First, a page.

Very low calorie diets or VLCDs are diets that restrict daily food intake to 1000 calories or less. This is often done with commercial meal replacements, which is the safer alternative, as these are usually formulated to contain appropriate levels of vitamins, minerals and other nutrients to meet daily requirements. Meal replacements such as Optifast and Sureslim are increasingly popular and provide a nutritionally complete approach to VLCDs.
The second, less desirable way is a calorie counting approach (see also: how many calories to lose weight), involving restriction of foods intake or eating solely one type of food such as in the grapefruit or cabbage soup diet. This type of diet can result in serious nutrient deficiencies not to mention antisocial eating behaviours. Whichever way they are carried out, VLCDs can be have extremely serious side effects and are not recommended unless prescribed by a medical professional for very short term use.
Research has found that VLCDs are generally safe when used under medical supervision in those with a BMI over 30, and may be indicated in those with a BMI between 27 and 30 if they have health complications due to obesity. For this group of people, large amounts of rapid weight loss may produce health benefits. However, for people with healthy or even slightly elevated bodyweight, there is no need for such a strict diet, and to follow a VLCD may even be dangerous.
The average woman requires 2000 calories per day, whilst men need about 2500 to maintain their weight. This is an average figure however, and differs significantly from person to person depending on activity levels, body composition, weight and height (Calculate your BMR here). A VLCD provides less than half the calories required for weight maintenance, which although it may result in weight loss, can also cause serious health problems and is unsustainable and dangerous for long term use.
As you are not consuming sufficient carbohydrates for the body to obtain energy, another source to supply the body with the energy needed for day to day life is needed. Thus the boy starts to break down protein and fat to obtain this energy. Whilst fat is generally not too much of a concern in overweight people, protein breakdown or ketosis can result in loss of muscle and organ tissue. Although you will be losing weight, half of that weight is likely to be muscle loss. This works against long term weight loss as muscle burns more calories than fat in a resting state, thus by decreasing muscle mass you may in fact reduce your metabolism, meaning it is harder to keep weight off when the VLCD is finished.
Initial weight loss can be extreme. However, this is likely to be due in part to a large amount of fluid loss. Before the body resorts to protein and fat for energy, it will first breakdown the bodies emergency carbohydrate stores, called glycogen. Glycogen is bound to water molecules, thus this loss of glycogen can also lead to water loss.
Minor side effects of VLCD include fatigue, constipation, diarrhoea, dry skin and nausea. There is also a high incidence of gall stones in VLCD followers. Followers may also experience extreme hunger and cravings. These side effects are associated with fast weight loss.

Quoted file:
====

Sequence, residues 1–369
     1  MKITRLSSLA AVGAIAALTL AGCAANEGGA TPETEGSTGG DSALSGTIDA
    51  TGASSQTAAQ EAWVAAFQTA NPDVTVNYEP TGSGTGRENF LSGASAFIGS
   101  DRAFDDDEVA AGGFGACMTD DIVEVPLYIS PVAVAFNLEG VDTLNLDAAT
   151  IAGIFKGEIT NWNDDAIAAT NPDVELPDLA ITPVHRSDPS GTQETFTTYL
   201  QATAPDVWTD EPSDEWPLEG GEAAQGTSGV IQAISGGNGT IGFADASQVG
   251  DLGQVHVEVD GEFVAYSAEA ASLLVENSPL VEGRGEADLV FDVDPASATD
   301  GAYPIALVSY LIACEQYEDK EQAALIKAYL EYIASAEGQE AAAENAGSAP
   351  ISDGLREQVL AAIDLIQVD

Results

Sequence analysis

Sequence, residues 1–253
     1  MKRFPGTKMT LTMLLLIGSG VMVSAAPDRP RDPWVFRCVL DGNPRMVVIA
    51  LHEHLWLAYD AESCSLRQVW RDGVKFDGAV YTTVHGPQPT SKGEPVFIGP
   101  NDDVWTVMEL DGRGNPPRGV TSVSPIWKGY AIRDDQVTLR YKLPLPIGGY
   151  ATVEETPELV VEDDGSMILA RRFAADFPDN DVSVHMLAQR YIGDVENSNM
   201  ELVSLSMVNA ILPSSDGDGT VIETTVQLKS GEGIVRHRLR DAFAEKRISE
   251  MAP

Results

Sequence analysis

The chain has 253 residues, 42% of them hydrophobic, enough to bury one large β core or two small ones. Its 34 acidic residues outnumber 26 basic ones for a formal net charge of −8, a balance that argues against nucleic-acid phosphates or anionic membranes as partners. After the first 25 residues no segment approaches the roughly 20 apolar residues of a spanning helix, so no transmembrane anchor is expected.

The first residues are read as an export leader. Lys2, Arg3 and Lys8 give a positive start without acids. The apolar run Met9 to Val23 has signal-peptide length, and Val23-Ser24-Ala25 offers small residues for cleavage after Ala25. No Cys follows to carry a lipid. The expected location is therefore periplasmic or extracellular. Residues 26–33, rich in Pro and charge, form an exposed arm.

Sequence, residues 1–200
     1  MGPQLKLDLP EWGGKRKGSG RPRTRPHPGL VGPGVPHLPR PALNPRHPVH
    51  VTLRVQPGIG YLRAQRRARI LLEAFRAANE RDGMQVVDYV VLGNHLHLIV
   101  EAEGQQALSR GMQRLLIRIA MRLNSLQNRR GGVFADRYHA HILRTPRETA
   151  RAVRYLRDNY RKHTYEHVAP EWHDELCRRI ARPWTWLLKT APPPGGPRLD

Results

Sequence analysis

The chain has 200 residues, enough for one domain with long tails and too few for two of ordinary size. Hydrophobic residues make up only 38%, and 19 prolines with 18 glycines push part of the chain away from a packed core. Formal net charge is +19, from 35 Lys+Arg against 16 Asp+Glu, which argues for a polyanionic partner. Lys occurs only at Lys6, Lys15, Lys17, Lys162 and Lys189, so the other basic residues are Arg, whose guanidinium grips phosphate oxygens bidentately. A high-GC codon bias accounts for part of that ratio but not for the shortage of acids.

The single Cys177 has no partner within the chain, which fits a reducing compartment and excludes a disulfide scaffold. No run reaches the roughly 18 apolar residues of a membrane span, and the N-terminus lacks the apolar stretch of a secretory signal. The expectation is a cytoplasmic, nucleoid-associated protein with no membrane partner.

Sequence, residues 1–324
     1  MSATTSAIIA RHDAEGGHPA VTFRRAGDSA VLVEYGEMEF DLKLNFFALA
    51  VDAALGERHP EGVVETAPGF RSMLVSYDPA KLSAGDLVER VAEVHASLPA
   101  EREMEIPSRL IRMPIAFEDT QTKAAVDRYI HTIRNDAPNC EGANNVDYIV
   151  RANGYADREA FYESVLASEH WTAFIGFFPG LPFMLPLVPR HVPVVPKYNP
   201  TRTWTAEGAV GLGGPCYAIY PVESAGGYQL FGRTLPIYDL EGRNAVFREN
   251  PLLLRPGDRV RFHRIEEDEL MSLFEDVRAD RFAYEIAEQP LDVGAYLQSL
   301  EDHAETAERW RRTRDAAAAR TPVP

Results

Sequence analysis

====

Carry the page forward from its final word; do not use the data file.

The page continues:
Other more serious effects can occur is a VLCD is followed for a long time, or is not followed correctly. A very low calorie diet that does not provide sufficient vitamins, minerals and electrolytes is followed, deficiencies can occur. Loss of bone mass is a likely consequence of long term low calorie intake, as the diet will not provide sufficient calcium to maintain bone density. Electrolytes such as sodium and potassium may also be lacking. These are essential in the cellular processes in the body and if an imbalance occurs can result in serious consequences such as heart failure. General deficiency of other vitamins and minerals can cause a range of other side effects ranging from minor to very serious such as renal and liver disease.
This is why VLCDs are only indicated for weight loss in obese individuals and must always be followed under the supervision of a health professional for a limited amount of time.
A VLCD is an extremely antisocial way of eating. Whilst on the diet you cannot enjoy meals with friends and so may end up avoiding social situations where eating is involved. There is little variety in VLCD, as you are usually limited to a range of calorie and nutrient controlled powders, shakes, and puddings that fit your eating plan. (see also: Best diets to lose weight)
Whilst a VLCD may help you to lose weight, it does not help you improve your eating and develop healthy habits to maintain your weight loss in the long term. It may produce a quick fix, but may followers report gaining weight back quickly when the diet is finished. There is no focus on normal natural eating patterns and how to choose the correct foods for a long term healthy diet. When the controlled diet phase is completed it is easy to return to old eating habits, which can cause quick regain of weight especially since calorie requirements are likely to be reduced with a lower body weight that previously. (see also: weight loss with crash diets)
In conclusion, a VLCD may be indicated for very obese people under strict medical supervision. However it is not recommended for those who do not need to lose large amounts of weight and is not a long term weight maintenance option. A VLCD can be dangerous if not followed correctly and should only be used for a short period of time.
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Naomi Tupper is a qualified Dietitian/Nutritionist. She has particular expertise in Type 2 Diabetes, weight loss, malnutrition, recipe modification,and menu planning. You can leran more about Naomi here.